Ben's Final Project: New Look => Same Great Notes!
Exploring 2D musical space, armed with sixteen square waves and a saw.
Is that a Honeycomb or a Musical Instrument?
The short answer is, both. But the bees are dying, leaving behind only their tiny apian instruments, expertly hewn from multicolored beeswax and (lucky for us) MIDI-enabled.
The instrument's design is adapted from the Axis MIDI controller, which has a unique key layout based on a musical geometry that the designers call the “harmonic table.” The keys are arranged as a hexagonal lattice with vertical rows. Along the 30 degree axis the notes ascend by major third, along the 150 degree axis the notes ascend by minor third, and along the 90 degree (vertical) axis the notes ascend by a perfect fifth. This two-dimensional layout can make playing scales a little cumbersome, but it offers an interesting and intuitive way to visualize chord structures and harmonic relationships. Tertial chords are particularly easy to see and play on this layout. For instance, any three keys forming a rightward-pointing triangle form a major triad, while the overlapping leftward-pointing triangle below forms the relative minor triad.
I added flexibility and interest to the instrument by allowing the user to change the musical geometry on the fly. Stepwise intervals along the 30 degree and 150 degree axes can be defined between 1 and 11 semitones, ascending or descending. The vertical axis is always the sum of the two defined intervals (this is required to tessellate the pattern of intervals across the lattice). The range of the instrument is also adjustable on the fly, and can slide up or down by semitones.
To aid the user in performance, the note name and octave appears on each key. The color of the key border is drawn on a red-to-blue scale according to the octave, and this color scheme will adapt to any range of notes. As on a piano, the "black keys" are shaded darker than the "white keys."
There are three play modes. "Press" mode allows the user to play notes by pressing keys in the parallelogram-shaped region on the computer keyboard that is bounded by Z, V, 7, and 4. The position of the mouse on the virtual keyboard controls the active region of notes controlled by these keys. "Toggle" mode is similar, but keys are pressed to arm or disarm notes, and armed notes are played when the mouse is pressed. "Seq" mode allows the user to define a sequence of notes that will be looped upon launch. Press "Set Seq" and then select the notes in order. Press "Play Seq" to begin playback. Press "Reset" to stop playback and pick a new sequence. Try changing the interval patterns while a sequence is playing!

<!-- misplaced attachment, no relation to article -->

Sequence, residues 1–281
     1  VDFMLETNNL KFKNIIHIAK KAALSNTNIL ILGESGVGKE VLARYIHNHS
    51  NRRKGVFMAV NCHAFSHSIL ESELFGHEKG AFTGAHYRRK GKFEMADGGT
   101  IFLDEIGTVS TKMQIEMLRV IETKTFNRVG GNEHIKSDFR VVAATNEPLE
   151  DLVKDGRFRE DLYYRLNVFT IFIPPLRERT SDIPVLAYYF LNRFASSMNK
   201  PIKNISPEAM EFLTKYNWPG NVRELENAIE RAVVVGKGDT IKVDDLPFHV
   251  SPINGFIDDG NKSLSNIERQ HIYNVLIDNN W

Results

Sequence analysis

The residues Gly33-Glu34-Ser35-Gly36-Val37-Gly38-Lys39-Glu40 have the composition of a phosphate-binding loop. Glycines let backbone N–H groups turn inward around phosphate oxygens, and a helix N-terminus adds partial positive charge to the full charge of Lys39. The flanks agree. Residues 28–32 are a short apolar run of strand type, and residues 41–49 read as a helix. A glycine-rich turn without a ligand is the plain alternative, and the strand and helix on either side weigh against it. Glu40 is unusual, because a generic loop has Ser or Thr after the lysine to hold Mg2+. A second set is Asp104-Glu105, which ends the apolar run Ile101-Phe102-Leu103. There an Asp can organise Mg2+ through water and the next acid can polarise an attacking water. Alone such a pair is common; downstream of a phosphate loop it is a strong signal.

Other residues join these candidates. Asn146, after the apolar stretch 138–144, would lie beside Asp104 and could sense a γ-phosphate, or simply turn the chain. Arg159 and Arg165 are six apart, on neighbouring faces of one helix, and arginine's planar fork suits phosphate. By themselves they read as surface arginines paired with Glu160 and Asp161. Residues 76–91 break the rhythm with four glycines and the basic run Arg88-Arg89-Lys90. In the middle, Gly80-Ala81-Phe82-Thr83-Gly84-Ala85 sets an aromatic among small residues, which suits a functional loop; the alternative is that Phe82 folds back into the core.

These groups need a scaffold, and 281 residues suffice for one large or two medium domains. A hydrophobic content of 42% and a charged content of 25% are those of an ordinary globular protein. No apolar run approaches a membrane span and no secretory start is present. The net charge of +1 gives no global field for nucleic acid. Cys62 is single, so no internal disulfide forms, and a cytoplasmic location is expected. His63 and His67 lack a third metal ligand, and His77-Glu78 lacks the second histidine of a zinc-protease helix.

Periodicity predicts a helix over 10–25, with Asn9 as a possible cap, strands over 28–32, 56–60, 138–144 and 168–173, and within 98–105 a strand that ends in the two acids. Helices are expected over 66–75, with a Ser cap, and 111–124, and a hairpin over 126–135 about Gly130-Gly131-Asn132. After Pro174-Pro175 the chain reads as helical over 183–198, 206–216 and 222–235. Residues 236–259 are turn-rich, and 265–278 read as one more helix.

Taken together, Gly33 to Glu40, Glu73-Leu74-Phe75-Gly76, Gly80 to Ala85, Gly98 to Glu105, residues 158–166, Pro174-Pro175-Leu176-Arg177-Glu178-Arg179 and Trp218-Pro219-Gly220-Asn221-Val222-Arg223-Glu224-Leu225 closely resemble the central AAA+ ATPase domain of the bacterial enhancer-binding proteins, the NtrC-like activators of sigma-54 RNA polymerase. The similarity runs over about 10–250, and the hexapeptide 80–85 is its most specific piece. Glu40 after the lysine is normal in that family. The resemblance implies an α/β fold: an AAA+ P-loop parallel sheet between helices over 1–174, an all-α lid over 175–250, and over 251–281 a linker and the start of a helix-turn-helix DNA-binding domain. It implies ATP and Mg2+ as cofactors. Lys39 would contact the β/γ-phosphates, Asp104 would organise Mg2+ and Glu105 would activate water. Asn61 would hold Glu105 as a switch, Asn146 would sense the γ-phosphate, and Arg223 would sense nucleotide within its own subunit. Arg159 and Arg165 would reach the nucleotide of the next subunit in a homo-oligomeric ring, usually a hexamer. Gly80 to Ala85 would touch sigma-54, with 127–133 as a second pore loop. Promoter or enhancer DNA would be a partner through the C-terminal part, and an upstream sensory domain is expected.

Slider controls are included to set the speed of the sequencer instrument, as well as the glide amount and lowpass filter cutoff of both the sequencer and the chordal instruments.
How to Run
You will need Processing and the latest version of ChucK, preferably the special PLOrk edition if available. To run New Look simply run the Processing sketch and the ChucK code in either order. If you encounter misaligned text in the GUI, try closing the window and running the sketch again.
Note that several parameters of the GUI are easily changed at the top of the Processing code; these include the dimensions of the key space (in number of rows and columns) and the size of the individual keys (in pixels). Everything will scale in proportion to key size (window size, layout, text size), so don't make your key size too big.
Changes for Future Versions
- Ability to select which note remains unchanged when intervals are updated (is currently upper left)
- Greater control over parameters of the sound synthesis (my emphasis thus far has been on the GUI and note control)
- Perhaps a fun rolling ball mode to trigger keys (controlled by motion sensors or just arrow keys)
- More intelligent gliding (i.e. glide only when pressed notes are moved, not when there is separation between triggered notes)
- In Toggle mode:
- Ability to store and recall chord patterns, selectable on the fly with a single keystroke
- In Sequence mode:
- Ability to change sequences on the fly
- Ability to assign relative durations to individual notes in a sequence
- Ability to store and recall sequences
- Multiple voices with different sequences